Are grazing increaser species better tolerators than decreasers? An experimental assessment of defoliation tolerance in eight British grassland species
*Present address and correspondence: Ek del-Val, CASEB, Facultad de Ciencias Biológicas, Pontificia Universidad Católica de Chile, casilla 114-D, Santiago, Chile (tel. +56 2 686 2610; fax: +56 2 686 2621; e-mail: firstname.lastname@example.org).
- 1The importance of tolerance to herbivory for plant survival has long been recognized, but capacity for regrowth following recurrent defoliation has rarely been studied.
- 2A glasshouse experiment was conducted with eight grassland species. We chose both species favoured under herbivory (increasers) and those that become scarce (decreasers) and manipulated the ontogeny of the plant when first clipped, as well as frequency (up to eight times) and intensity of clipping.
- 3Plant survival was high (88%) but both frequency and intensity of clipping increased plant mortality in all species investigated (P < 0.05). Immature plants showed the highest mortality (15.9%).
- 4Plant biomass mirrored mortality with immature plants again the most affected. As expected, control plants were largest and plants experiencing 100% biomass removal smallest. Clipping frequency was also significant, but the effect was not linear and plants that were clipped more than twice were more dramatically affected.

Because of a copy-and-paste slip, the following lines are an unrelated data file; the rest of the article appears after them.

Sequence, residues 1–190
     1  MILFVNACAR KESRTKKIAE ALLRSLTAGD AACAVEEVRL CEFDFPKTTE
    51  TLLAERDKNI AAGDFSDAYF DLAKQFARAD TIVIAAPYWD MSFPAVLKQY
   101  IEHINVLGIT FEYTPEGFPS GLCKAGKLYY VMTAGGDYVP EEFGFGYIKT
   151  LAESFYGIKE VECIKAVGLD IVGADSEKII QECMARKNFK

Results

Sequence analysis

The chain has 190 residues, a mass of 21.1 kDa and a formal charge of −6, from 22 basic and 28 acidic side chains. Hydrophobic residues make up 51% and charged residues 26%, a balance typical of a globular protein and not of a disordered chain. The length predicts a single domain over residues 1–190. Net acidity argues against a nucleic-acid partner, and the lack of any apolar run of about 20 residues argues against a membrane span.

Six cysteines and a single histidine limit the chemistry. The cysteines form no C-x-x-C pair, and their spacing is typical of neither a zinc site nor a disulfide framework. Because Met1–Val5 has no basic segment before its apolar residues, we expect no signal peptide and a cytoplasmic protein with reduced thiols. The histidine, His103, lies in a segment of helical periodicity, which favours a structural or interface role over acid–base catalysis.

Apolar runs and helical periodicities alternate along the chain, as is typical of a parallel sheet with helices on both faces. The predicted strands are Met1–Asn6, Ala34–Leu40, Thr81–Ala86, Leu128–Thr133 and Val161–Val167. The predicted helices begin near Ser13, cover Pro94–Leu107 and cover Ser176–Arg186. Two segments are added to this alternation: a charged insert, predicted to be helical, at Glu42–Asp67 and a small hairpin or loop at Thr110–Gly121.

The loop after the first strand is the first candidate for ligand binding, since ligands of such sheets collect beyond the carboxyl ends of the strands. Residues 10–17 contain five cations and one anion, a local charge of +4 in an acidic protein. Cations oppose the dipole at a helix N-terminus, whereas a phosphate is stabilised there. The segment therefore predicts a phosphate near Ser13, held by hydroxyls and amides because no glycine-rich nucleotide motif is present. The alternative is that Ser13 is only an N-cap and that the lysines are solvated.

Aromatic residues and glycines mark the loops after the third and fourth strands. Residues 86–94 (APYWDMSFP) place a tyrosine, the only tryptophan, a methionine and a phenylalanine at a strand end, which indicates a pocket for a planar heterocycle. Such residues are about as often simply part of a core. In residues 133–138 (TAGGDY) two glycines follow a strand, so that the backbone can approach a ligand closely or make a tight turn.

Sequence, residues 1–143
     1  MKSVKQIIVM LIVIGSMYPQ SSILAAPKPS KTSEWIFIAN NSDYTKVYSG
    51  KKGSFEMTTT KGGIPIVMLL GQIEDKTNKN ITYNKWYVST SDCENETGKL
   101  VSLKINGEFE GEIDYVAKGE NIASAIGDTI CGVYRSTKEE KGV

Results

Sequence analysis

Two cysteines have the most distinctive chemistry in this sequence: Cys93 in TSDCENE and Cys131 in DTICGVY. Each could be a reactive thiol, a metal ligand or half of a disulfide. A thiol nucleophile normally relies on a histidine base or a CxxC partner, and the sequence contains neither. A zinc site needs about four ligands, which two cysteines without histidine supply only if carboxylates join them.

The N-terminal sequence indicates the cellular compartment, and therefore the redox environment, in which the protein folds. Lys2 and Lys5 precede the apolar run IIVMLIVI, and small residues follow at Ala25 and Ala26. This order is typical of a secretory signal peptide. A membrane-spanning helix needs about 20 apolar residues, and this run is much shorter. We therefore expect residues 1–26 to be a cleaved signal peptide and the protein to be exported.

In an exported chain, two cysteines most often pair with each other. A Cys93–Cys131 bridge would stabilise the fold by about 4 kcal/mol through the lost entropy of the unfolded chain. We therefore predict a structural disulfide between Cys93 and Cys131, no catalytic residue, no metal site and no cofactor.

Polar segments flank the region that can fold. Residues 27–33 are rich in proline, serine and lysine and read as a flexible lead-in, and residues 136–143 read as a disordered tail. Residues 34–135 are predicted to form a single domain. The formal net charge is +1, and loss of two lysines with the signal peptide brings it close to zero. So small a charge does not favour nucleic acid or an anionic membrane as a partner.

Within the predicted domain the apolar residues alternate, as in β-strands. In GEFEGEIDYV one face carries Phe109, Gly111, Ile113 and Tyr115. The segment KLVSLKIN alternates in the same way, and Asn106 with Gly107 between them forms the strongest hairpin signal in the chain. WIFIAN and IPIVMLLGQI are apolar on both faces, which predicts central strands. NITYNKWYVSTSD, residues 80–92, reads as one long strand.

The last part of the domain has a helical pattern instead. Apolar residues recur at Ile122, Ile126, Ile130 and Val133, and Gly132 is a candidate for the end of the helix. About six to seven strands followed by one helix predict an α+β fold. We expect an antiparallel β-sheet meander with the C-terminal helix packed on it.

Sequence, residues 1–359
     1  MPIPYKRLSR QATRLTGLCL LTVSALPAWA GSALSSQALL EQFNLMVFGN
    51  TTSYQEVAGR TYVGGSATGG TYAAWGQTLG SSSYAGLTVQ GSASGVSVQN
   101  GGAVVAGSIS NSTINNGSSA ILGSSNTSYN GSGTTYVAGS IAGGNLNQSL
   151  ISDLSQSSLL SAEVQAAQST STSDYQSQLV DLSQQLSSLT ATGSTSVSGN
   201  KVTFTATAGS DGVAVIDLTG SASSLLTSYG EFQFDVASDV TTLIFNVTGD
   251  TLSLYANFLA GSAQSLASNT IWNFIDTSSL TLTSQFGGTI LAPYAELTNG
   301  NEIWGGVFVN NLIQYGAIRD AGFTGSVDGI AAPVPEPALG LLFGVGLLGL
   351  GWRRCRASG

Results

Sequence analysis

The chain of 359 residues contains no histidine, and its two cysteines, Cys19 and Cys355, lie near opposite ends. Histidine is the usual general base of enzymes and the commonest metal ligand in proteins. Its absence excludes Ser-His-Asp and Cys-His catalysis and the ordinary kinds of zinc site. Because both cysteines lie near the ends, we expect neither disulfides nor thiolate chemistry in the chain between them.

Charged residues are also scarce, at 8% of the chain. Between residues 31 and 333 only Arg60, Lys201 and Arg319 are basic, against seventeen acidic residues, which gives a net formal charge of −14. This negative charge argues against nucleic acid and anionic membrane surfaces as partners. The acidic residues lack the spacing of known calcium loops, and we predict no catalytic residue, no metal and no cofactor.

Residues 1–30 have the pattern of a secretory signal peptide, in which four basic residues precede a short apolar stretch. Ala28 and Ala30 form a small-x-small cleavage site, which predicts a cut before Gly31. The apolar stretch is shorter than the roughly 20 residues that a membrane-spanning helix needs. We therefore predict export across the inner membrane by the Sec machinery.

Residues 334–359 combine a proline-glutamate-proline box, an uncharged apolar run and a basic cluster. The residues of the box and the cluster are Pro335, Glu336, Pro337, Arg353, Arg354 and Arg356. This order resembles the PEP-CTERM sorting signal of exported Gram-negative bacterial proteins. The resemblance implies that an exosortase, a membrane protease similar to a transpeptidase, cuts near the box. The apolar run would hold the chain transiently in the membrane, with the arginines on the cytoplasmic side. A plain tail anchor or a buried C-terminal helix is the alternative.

- 5Biomass compensation showed species-specific responses that were significantly related to an a priori definition of species status in the grassland: increaser species had significantly higher compensation ability after recurrent defoliation than decreaser species.
- 6Tolerance to herbivory has been viewed as a marginal strategy for plant survival, but our results suggest that it plays an important role in explaining abundance and distribution of plant species in environments with recurrent defoliation.
- 7Plants do not always respond linearly to environmental pressures (such as repeated defoliation) and cannot therefore be predicted by studies considering only the lower end of the possible intensities. Understanding the effects of environmental pressures on plant fitness requires the study of a broader range of intensities, at different ontogenic stages and consideration of possible response thresholds.